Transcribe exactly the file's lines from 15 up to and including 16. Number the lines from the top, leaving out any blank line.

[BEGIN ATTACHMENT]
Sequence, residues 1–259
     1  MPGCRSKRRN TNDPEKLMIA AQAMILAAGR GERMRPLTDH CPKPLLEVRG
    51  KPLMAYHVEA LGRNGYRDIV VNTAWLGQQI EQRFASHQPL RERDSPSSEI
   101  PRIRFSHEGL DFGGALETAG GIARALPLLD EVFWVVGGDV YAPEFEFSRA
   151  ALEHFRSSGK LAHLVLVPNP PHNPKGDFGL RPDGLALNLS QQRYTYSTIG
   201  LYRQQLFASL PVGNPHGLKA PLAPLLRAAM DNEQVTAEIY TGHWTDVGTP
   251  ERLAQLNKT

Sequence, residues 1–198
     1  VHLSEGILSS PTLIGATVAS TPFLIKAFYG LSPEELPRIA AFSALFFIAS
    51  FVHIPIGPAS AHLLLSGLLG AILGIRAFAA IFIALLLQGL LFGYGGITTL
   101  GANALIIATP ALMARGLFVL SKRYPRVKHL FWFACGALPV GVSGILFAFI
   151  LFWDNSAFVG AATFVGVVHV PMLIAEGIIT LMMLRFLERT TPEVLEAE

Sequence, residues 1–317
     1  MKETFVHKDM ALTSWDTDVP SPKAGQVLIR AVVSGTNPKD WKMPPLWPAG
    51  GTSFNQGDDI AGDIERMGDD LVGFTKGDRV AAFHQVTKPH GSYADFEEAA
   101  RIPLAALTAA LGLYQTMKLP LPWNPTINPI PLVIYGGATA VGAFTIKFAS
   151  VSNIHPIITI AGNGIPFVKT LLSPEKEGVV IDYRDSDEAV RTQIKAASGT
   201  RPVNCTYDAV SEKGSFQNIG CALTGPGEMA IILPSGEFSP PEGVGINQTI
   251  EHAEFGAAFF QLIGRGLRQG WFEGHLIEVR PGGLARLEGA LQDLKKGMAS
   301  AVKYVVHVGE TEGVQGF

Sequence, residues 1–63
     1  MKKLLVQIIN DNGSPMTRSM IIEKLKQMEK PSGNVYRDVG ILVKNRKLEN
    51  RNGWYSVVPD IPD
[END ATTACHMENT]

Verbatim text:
    51  GTSFNQGDDI AGDIERMGDD LVGFTKGDRV AAFHQVTKPH GSYADFEEAA
   101  RIPLAALTAA LGLYQTMKLP LPWNPTINPI PLVIYGGATA VGAFTIKFAS